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Airplane Maintenance for the DIYer: Changing a Tire

Airplane Maintenance for the DIYer: Changing a Tire

Published in Maintenance & Technical.

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In this article—the first in a series describing various preventive maintenance actions—A&P Jacqueline Shipe goes through the entire process of removing and reinstalling an aircraft tire. 

All aircraft owners will periodically have to replace a tire. Even planes that don’t get used much eventually require tire replacement due to dry rot and sidewall cracking of the rubber. 

Tire replacement is one of the items the FAA considers preventive maintenance that owners may legally perform on their aircraft. Changing a tire isn’t mechanically complex, but it does require the owner to use some caution. 

Proper aircraft jacking procedures have to be used, and if the plane is jacked outside, first check the weather conditions to ensure that the wind is not going to be too high. Major damage can be done to the airframe structure whenever a plane falls off a jack. 

Once the plane is properly jacked, the removal of the wheel assembly can begin. (For information about aircraft jacks and proper procedures, take a look at Shipe’s “Airplane Maintenance for the DIYer: First Steps” in the May 2016 issue. —Ed.)

If the plane is equipped with wheel pants, the wheel pant has to be removed first. This is usually a pretty straightforward process, just be sure to keep the removed screws and bolts identified as to which receptacle they came out of, because sometimes several different diameters and lengths are installed. 

Removing a main wheel

The next step is to remove the outboard brake backing plate (if the wheel is a main wheel) so that the brake disc will be free to slide off the axle with the wheel assembly.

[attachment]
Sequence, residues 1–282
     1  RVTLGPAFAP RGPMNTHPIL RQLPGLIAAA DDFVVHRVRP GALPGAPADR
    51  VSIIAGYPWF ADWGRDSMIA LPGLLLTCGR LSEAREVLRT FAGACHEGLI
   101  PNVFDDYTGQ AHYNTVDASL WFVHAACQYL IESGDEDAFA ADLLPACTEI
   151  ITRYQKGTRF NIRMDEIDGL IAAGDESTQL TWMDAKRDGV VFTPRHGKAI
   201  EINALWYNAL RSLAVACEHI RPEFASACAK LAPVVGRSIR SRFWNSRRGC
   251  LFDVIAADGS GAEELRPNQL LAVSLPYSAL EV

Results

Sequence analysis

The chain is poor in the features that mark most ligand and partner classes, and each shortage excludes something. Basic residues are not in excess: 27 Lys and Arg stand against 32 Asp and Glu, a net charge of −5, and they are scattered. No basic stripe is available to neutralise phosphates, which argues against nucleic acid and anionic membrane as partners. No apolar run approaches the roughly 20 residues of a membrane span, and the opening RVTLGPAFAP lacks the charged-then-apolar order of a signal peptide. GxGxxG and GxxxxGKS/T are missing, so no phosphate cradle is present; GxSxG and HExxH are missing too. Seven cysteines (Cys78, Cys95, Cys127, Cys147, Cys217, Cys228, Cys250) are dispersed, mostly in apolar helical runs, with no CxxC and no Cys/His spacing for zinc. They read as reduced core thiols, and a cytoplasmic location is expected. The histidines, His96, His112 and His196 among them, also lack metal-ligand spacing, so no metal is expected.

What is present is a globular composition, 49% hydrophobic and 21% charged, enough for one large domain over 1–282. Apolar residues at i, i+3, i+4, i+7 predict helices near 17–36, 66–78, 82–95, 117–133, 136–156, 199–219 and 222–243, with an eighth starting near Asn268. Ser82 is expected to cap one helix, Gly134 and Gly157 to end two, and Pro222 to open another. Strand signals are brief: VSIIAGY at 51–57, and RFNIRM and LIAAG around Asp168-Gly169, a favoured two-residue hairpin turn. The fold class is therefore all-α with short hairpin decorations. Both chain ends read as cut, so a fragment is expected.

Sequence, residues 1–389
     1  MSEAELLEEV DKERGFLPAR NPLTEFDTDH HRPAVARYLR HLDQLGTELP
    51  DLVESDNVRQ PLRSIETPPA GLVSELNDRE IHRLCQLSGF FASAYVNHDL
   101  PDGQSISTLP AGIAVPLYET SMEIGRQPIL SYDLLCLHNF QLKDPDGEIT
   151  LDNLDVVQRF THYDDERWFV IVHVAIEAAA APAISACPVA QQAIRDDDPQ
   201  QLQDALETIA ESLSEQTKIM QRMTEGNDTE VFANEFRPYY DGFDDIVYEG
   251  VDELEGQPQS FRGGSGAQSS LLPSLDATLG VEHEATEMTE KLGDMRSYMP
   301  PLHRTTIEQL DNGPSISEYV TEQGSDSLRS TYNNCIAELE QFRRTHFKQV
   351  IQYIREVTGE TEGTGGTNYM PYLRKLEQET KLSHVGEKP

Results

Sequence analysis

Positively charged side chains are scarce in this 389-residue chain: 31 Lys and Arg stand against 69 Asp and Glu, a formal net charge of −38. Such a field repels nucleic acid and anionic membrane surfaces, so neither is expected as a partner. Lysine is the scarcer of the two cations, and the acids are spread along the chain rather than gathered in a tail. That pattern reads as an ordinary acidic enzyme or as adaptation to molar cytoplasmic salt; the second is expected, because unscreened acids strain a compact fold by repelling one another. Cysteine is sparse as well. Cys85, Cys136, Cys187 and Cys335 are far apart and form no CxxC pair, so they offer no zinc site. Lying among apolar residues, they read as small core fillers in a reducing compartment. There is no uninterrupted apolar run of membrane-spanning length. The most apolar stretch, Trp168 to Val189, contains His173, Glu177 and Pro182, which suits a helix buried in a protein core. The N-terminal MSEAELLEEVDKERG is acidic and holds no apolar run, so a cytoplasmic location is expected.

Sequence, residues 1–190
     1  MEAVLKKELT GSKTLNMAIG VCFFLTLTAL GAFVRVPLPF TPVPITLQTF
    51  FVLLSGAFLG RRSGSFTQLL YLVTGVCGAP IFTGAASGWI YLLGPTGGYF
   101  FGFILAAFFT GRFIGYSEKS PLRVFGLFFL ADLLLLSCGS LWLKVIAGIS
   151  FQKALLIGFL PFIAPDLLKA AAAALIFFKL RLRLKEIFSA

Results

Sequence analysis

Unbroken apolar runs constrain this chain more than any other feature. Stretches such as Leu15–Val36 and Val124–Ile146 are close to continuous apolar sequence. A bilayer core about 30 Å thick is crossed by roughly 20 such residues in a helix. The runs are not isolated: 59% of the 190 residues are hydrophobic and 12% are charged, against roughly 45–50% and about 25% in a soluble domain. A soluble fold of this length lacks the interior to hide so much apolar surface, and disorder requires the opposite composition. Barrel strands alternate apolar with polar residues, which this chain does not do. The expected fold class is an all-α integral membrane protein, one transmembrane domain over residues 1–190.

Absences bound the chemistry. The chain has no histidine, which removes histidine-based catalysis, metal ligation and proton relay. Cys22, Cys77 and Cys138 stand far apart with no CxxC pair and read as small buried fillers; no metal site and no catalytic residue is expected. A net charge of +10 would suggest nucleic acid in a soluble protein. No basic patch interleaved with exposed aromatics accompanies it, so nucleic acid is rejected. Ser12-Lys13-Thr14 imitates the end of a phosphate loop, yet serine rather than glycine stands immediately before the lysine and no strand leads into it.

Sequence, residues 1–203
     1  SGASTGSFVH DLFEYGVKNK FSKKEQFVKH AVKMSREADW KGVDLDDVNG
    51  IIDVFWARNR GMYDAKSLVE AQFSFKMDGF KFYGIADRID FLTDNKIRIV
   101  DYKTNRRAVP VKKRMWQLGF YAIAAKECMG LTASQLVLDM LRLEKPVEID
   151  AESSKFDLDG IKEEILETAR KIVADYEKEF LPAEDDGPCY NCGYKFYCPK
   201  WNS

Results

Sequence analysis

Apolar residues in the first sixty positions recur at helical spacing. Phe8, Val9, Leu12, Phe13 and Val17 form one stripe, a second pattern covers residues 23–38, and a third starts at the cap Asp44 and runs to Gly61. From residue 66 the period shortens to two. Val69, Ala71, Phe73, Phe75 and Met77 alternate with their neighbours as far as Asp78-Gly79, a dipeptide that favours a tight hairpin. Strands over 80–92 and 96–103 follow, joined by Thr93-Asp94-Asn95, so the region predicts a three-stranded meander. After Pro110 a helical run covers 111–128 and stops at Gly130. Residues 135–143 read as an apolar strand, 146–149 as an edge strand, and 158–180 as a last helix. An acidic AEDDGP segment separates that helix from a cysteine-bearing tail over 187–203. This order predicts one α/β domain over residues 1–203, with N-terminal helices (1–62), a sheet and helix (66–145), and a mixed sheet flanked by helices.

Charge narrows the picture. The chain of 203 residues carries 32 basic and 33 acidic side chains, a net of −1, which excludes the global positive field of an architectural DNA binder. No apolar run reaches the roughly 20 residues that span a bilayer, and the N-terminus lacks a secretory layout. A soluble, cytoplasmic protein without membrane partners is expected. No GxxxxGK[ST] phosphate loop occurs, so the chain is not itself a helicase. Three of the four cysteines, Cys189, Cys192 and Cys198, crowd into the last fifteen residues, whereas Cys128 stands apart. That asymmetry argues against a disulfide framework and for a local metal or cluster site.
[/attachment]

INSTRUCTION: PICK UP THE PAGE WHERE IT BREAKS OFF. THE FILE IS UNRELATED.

There are two or more bolts that connect the backing plates to the caliper that have to be removed. They may or may not have safety wire on them, depending on the design. 

Once the outboard brake is off, the next step is to deflate the tire by removing the valve core. It is important to do this before removing the big axle nut, because if any bolts holding the wheel halves together are loose or damaged, the wheel assembly could blow apart as the axle nut is loosened. 

Most axle nuts have either a clevis pin with a small cotter key or a single large cotter key to keep them from backing off. 

When the axle nut is removed, the wheel assembly will slide off. Some manufacturers employ a spacer that may or may not slide off with the wheel; care needs to be taken to ensure it doesn’t get misplaced.

Removing a nosewheel

Nosewheels usually have a removable axle that slides through the wheel and nose fork. This is generally held in place with a single long bolt and lock nut that secures two cup-shaped retainers. 

Nosewheels are fairly easy to remove unless the steel axle is corroded and frozen in the aluminum fork, in which case the axle has to be driven out. A wooden dowel should be used to drive out the axle because it won’t gouge or mar the aluminum fork.

 

Breaking the tire bead